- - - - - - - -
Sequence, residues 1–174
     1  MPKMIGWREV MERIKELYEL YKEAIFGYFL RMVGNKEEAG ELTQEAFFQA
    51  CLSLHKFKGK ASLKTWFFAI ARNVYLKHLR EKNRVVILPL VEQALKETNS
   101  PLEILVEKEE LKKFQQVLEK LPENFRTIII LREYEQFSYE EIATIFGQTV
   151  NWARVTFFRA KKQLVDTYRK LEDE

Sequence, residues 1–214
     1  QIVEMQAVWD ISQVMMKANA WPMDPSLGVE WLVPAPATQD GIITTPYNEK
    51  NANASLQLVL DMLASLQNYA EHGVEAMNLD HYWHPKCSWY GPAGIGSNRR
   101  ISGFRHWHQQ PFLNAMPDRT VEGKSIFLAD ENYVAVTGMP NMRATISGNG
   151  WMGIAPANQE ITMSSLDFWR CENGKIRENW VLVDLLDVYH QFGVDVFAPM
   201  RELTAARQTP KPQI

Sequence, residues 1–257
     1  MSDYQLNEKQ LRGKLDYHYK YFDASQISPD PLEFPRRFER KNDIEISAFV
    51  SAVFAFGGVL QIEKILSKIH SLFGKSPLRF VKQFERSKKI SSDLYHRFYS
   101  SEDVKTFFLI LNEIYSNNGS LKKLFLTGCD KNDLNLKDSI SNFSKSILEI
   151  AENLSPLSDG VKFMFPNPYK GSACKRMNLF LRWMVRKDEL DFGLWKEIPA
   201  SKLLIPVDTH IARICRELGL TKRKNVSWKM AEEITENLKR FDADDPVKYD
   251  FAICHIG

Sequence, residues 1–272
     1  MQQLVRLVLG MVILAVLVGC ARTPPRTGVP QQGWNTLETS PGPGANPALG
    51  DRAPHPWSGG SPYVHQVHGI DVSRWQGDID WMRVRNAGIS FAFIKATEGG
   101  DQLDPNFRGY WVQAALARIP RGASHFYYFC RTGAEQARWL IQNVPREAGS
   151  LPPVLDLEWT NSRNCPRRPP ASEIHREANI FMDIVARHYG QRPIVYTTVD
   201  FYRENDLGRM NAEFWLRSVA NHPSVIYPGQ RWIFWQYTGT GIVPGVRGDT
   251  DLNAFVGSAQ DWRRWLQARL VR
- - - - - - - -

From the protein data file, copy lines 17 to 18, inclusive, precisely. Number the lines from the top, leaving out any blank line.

   201  SKLLIPVDTH IARICRELGL TKRKNVSWKM AEEITENLKR FDADDPVKYD
   251  FAICHIG